July 8, 2020

A necropsy of a native Florida snake reveals pentastomes in the snake's lung.

MELISSA A. MILLER/Contributed A necropsy of a native Florida snake reveals pentastomes in the snake's lung.

FLORIDA — An invasive worm parasite that preys on Burmese pythons has spread to native snakes and invaded farther north than its traditional host’s range, creating a deadly “spillover” effect, according to scientists.

“R. orientalis, this worm parasite, is spreading so well, advancing northward and in areas north of the python invasion. The parasite no longer needs the pythons present to spread,” said Melissa Miller, lead research author and University of Florida/IFAS Fort Lauderdale Research and Education Center coordinator of invasive species research.

Miller first discovered the nefarious blood-sucking worm in native snakes in 2018. R. orientalis, a tongue-shaped parasitic pentastome, is native to Southeast Asia and was brought to Florida by the Burmese python trade in the early 1980s and spread into the wild by released pythons.

It has since been carried by native snakes hundreds of miles north beyond the Burmese python’s usual range. Miller and her team have discovered the parasite between Orlando and Ocala in Lake County. The parasite spreads easily through molted skins and snake feces in soil and could pose a threat to native snake species.

“We found an infected native snake 348 km [216 miles] north of the northernmost infected python. Our data show that native snakes are highly competent hosts of R. orientalis and have facilitated the rapid spread of this nonnative pentastome beyond the range of its invasive host,” biologists wrote in a newly published research paper.

Biologists examined 523 native snakes, 13 species of which were native to the core python region. All 13 native snake species were infected with R. orientalis, according to Miller.

Biologists also examined 1,003 pythons to determine the prevalence and intensity of R. orientalis, 43 of which were from the invasion front. A total of 255 R. orientalis was recovered from 120 infected pythons. All but two of these parasites were from the core region of the python invasion.

Consequently, the parasite’s range has doubled.

“We could have ecosystem-wide impacts from this parasite as it is already spreading up the state, and if it continues to spread across North America, we could see even larger impacts,” Miller said.

Just last year, research led by Terence Farrell, a professor of biology at Stetson University, discovered that the spillover range of R. orientalis exceeded the Burmese pythons range by more than 100 miles.

Farrell and his research associates were alarmed to observe three pygmy rattlesnakes with the parasites crawling out of their mouths.

Native snakes make an ideal host for this pentastome and its health risk to the snakes is unknown.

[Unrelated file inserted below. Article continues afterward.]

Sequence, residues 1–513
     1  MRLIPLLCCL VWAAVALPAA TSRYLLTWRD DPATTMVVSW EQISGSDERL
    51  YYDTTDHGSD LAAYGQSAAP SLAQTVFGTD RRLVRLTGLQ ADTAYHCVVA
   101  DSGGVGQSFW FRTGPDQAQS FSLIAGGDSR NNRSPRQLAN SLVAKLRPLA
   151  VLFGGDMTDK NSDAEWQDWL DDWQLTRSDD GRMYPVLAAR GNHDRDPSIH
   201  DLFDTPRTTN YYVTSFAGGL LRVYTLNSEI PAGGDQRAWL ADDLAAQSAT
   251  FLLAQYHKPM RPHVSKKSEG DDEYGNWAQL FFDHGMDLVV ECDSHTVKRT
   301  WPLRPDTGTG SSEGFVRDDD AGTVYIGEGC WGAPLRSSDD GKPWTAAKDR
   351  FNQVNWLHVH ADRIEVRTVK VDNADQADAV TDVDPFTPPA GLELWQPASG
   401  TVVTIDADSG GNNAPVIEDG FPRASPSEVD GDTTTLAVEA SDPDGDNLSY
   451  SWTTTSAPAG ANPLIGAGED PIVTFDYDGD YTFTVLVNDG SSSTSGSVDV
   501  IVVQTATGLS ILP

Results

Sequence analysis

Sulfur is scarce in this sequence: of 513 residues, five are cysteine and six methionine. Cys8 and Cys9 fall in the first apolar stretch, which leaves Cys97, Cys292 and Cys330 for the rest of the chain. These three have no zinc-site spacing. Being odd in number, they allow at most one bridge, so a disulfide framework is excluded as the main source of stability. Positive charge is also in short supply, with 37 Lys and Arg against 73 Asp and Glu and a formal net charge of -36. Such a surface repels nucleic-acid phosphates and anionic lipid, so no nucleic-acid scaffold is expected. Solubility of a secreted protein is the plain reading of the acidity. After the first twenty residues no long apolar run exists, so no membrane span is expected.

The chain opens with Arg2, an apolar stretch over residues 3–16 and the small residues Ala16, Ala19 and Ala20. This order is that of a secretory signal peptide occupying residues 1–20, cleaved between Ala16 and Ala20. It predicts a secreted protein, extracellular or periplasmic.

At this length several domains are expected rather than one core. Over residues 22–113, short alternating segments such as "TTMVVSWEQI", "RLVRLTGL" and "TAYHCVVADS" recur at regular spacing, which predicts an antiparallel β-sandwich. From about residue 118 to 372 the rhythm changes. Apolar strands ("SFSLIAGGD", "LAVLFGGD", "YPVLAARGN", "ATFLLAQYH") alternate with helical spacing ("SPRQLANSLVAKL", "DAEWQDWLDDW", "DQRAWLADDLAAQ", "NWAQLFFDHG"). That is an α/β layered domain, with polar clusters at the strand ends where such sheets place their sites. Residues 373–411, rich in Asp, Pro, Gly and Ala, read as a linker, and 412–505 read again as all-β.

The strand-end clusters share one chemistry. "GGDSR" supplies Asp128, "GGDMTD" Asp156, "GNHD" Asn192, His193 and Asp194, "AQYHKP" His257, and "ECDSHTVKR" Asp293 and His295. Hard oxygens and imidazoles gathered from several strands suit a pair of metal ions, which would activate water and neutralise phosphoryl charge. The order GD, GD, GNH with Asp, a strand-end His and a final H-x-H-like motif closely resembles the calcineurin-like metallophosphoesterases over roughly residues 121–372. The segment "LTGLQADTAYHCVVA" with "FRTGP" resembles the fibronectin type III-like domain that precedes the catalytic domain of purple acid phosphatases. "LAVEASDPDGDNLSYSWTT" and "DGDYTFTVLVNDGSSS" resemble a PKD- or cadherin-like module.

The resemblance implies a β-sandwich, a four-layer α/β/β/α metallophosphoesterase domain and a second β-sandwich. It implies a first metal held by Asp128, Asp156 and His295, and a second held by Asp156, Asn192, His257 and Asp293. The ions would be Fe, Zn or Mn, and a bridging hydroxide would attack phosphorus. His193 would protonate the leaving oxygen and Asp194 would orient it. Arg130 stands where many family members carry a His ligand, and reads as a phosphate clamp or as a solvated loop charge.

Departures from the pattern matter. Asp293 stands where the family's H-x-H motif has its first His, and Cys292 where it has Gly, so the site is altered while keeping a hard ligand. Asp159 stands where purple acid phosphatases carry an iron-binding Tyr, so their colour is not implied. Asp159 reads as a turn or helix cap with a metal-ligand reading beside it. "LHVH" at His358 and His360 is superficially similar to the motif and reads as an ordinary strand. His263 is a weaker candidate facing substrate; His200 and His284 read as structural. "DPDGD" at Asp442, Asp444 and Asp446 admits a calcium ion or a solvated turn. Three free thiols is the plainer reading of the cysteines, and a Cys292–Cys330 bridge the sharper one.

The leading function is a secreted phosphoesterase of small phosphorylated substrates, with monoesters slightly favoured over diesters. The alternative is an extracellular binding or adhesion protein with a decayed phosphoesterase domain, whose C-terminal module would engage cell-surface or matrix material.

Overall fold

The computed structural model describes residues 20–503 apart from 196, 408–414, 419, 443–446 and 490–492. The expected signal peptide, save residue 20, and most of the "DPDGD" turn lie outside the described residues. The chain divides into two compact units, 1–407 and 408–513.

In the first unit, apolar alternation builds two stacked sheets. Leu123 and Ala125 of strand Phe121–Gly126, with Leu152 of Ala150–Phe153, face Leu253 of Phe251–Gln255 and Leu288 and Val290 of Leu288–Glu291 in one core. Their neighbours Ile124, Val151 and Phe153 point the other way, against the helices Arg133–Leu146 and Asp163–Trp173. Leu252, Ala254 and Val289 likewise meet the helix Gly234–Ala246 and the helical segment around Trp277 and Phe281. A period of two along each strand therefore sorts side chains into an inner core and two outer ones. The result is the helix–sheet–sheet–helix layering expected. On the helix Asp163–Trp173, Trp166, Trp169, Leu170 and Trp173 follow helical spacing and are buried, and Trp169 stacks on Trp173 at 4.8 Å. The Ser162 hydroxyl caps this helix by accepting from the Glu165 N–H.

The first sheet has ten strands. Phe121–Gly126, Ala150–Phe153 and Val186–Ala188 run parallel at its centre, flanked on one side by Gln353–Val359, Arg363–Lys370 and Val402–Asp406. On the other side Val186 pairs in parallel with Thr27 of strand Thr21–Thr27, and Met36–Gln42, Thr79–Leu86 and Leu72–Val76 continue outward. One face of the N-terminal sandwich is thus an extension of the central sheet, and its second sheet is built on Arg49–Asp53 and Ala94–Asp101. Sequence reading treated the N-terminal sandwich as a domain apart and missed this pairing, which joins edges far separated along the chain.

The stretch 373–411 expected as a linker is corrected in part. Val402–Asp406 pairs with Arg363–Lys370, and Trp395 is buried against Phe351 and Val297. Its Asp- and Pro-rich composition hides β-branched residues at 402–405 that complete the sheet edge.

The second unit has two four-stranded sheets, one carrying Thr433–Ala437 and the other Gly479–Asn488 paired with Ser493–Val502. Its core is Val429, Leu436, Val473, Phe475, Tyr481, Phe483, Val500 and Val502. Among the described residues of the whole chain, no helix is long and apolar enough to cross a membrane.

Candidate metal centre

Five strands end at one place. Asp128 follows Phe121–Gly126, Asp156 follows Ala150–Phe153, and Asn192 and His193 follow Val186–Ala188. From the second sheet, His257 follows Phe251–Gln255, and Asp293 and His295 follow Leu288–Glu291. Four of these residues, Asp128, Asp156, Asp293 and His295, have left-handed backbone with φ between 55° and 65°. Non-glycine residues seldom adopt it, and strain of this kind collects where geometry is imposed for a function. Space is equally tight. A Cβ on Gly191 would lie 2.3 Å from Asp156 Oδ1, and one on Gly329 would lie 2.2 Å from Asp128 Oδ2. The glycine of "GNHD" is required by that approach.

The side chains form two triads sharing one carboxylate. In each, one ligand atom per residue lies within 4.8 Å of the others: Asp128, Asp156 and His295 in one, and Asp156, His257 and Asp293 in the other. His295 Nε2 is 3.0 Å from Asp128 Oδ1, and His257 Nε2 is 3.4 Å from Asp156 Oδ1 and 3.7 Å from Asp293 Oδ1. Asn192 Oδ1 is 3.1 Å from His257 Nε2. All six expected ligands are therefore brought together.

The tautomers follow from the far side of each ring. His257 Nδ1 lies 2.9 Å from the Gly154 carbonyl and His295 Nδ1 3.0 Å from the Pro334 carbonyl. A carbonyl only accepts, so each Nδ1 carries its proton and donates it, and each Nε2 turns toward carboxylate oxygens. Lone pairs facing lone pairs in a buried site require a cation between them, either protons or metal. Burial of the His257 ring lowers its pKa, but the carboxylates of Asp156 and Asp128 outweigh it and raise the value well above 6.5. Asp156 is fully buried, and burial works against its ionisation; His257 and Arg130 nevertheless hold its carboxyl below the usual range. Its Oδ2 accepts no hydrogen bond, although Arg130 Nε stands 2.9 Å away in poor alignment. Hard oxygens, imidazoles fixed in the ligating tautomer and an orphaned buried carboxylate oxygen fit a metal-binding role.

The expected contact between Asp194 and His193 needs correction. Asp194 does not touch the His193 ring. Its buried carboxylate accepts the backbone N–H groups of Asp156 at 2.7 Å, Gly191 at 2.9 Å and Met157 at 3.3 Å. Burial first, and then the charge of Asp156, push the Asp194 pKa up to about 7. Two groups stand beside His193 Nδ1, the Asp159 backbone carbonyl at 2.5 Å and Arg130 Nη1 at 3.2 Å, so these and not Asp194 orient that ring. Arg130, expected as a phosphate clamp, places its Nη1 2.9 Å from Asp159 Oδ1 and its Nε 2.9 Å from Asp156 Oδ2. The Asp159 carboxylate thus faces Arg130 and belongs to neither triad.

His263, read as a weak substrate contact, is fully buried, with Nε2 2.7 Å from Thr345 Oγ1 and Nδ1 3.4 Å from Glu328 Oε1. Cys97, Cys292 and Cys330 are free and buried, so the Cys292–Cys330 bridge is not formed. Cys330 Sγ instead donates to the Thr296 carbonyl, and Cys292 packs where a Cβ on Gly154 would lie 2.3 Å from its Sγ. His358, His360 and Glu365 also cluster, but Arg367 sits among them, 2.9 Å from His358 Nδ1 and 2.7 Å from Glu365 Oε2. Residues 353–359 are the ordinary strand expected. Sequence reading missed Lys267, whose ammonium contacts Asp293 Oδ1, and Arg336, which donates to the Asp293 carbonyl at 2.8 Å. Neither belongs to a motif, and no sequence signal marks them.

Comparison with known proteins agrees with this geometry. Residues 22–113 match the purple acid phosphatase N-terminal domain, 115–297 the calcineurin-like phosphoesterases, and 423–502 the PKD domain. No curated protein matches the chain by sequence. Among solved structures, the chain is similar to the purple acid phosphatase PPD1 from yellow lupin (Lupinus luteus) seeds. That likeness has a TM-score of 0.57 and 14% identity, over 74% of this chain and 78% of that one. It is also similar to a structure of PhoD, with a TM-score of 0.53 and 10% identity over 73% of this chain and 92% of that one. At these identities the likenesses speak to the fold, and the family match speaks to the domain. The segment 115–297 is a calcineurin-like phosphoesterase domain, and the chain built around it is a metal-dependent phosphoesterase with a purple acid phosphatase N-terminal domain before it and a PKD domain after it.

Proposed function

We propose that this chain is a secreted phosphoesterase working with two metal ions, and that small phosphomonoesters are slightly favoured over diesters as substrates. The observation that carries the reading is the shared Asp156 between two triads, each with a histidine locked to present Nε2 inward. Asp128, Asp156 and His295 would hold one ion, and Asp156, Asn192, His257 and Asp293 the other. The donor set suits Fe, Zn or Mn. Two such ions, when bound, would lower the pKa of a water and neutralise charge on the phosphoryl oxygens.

“Usually, a parasite doesn’t want to kill its host, but in the instance where this species co-invades an area in North America, then our native snakes have not dealt with this species. They have no adaptations or defenses to combat this. They are naïve to this parasite,” Farrell said.

The worm parasite can cause reduced pulmonary function and infection, Farrell said.

The parasites appear to be thriving in native snakes. A female worm can produce thousands of eggs in her lifetime, so the impacts of this invasive species could be far reaching.

“Native snakes are more likely to be infected and have more worms than Burmese pythons,” Miller said. “We also saw that female worms become larger in native snakes than they do in pythons. They’re more fecund and reproductive in the native snake population.

“[The worms] have an indirect lifecycle where they lay eggs in the primary host and they’re expelled through defecation in water and soil then ingested to the intermediate host.”

In Miller’s previous 2018 study, she documented R. orientalis in a shrew.

“That was the first time that we documented a small mammal carrying this parasite. Frog-eating snakes are very likely to spread this worm. It’s likely that amphibians carry it. Invasive tegus carry it. You get a Southeast Asia parasite brought over and it’s now in another non-native tegu species from South America. Native lizards are most likely carrying it, too.”

Miller says the parasite has been found in at least one python in the Keys.

“We looked at about a dozen pythons from the Keys and we did find an infected python from Marathon. The pythons from Big Pine Key and Key Largo were not infected,” she said.

Miller urges people to report python sightings to the Florida Fish and Wildlife Conservation Commission. Take a picture, note the location and report the sighting by phone at 1-888-IVE-GOT1 or online at IveGot1.org.